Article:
A GROUP of eight volunteers have started a Salford clean up to take a stand against the rising litter issues.
The new bin collections of general waste are now every three weeks which is resulting in an increase in debris in streets across Salford.
The length of time between collections has led to an increase in general waste being left in residential areas.
Salford Council stated the reasons for the changes: “In addition to environmental reasons for increasing recycling and reducing landfill, we cannot afford to carry on as a city as we are doing now.
“We’ve seen some great progress with increases to recycling in Salford and decreases in waste going to landfill, but more needs to be done.
“If we didn’t make any changes then costs would increase by around £3.5 million over the next two years, putting pressure on council budgets.”
They added: “We’ve already saved nearly £2 million in disposal costs since black bin collections changed in some areas of the city in July 2016.
“This money can be used to protect other council services that you or your family may use or benefit from, such as children’s centres, libraries, care for elderly and disabled people and street cleaning.”
Residents across the Manchester area have complained to their councils about the drastic changes.
The self titled ‘Claremont Alleygaters’ have taken action to tackle the problem. The group has cleaned up Halstead Avenue , Peacock Avenue and Doveley’s Road.
Dr Stef Lorenz, 73, Prospective Liberal Democrat candidate, created the group with the help of friend Maz Parry. The two recruited members of the community to assist with litter picks via their Facebook page.
The group collected nine bags of rubbish from Doveley’s Road in Salford.
Dr Lorenz explains why she thinks the litter has risen drastically: “It is partly reduced bin collections but also a lack of community spirit and pride in their neighbourhood. By fostering cooperation between neighbours, I hope things will improve.”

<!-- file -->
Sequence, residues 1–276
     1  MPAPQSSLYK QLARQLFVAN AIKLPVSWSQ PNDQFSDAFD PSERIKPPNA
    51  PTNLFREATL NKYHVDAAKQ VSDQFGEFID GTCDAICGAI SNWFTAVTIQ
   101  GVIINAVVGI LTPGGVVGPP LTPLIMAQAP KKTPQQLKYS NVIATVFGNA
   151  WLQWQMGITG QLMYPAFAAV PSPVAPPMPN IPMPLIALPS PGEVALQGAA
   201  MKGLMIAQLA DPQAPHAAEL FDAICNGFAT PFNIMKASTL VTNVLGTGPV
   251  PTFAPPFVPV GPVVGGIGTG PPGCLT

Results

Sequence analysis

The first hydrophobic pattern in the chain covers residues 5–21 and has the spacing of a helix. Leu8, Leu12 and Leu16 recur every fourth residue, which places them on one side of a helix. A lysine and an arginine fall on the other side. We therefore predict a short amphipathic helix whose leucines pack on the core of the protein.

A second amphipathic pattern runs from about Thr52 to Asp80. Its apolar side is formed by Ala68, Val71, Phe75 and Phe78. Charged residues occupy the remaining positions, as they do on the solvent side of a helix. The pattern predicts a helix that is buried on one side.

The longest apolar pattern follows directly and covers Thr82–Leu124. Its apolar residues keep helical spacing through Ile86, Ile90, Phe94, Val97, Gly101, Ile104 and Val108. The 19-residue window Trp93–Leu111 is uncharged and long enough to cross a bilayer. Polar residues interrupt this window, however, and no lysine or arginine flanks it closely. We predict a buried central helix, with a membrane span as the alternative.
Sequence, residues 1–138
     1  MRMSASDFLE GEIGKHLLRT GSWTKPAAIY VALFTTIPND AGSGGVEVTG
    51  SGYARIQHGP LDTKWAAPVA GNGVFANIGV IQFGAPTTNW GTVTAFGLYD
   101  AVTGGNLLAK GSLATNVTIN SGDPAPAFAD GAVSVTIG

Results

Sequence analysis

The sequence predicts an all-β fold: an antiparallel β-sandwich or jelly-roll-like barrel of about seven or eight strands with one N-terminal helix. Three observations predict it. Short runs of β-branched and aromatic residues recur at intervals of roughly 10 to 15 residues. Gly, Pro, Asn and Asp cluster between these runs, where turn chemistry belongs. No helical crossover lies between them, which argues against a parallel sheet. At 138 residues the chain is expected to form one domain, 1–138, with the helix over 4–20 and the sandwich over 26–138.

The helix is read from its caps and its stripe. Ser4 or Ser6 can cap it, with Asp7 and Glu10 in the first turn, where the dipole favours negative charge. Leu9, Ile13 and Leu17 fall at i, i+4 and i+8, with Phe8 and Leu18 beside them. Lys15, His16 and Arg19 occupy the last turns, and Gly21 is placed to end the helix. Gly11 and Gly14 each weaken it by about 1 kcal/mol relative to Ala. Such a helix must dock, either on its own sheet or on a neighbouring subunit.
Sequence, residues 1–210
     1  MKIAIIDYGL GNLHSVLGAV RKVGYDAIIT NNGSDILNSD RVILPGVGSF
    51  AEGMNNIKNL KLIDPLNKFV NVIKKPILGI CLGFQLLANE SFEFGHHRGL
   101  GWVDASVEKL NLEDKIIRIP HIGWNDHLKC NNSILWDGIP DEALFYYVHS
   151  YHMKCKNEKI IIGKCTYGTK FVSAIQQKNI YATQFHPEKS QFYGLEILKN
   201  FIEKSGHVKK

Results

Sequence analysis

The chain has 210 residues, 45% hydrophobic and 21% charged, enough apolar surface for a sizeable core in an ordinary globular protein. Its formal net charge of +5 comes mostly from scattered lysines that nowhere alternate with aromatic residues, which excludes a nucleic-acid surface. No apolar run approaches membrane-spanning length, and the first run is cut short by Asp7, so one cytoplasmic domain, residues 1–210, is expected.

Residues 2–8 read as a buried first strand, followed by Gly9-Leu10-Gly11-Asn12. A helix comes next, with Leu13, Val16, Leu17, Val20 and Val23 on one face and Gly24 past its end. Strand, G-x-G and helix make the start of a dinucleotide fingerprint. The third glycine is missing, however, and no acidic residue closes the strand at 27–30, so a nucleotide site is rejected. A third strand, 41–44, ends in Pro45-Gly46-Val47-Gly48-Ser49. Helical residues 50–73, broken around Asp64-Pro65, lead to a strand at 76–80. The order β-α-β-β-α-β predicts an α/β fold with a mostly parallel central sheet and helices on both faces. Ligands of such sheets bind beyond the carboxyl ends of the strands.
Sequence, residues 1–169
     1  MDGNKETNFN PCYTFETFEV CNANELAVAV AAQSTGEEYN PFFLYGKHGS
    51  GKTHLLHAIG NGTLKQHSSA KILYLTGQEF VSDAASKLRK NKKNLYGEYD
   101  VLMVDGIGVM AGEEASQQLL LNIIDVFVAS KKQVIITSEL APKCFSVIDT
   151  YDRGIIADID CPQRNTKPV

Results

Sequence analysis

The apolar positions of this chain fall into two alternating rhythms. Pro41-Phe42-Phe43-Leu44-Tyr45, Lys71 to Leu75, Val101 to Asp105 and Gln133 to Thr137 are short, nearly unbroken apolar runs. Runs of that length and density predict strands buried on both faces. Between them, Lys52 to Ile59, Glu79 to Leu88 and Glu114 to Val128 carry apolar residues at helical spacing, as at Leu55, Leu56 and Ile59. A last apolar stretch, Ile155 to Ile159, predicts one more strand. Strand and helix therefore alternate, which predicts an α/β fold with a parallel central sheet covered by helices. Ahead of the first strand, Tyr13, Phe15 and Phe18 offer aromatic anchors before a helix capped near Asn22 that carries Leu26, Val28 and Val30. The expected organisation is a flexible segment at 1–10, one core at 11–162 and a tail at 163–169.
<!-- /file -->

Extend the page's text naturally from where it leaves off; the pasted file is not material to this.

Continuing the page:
The Claremont Alleygator’s identified one of the major issues as being that a lot of the rubbish is building up along the alleys gateways of residential streets in Salford. The organisation is asking for anyone who has debris in their alley to contact the Claremont alleygator’s for help.
Dr Lorenz has met with Salford Council officers Lee Jackson and Scott Henderson to discuss the problem. The Councillors told Dr Lorenz that any rubbish behind residential gates is the responsibility of the residents.
Dr Lorenz explains: “I feel Salford council with their vast majority have stopped listening to their voters. The local Councillors should be doing the things I’m doing, but they’re not.”
Many have voiced their grievances with rubbish build ups on the SalfordOnline Facebook page.
Hannah Jardine, from Clifton, has contacted the council over litter issues where she lives.
The 24-year-old explains: “I moved in 1st September and they have been like this since then the council said they would send someone round but they only emptied the wheelie bins, they didn’t do anything about the excess rubbish.
“I don’t slate the bin men, I think the council people themselves need to do more to help the environment. I come from a small town in Scotland and we never have this problem. It’s everywhere and it’s horrid.”
Salford Council implemented the changes to black bin collection on August 16 this year.
Salford Councillor, David Lancaster, said: “We’re always grateful to any volunteers who give their time to make Salford better, from community clean ups such as this to the fabulous work our Street Champions do in reporting environmental issues to the council and partners.
“There is no reason and no excuse whatsoever for people to dump rubbish in the streets and alleyways of Salford.”
The ‘Claremont Alleygaters’ are one of several community groups attempting to maintain cleanliness in Salford. The group have advertised to residents “Does your gated alley need the Claremont Alleygater’s treatment? Get in touch and we’ll see if we can help.”
You can contact the Claremont Alleygaters here.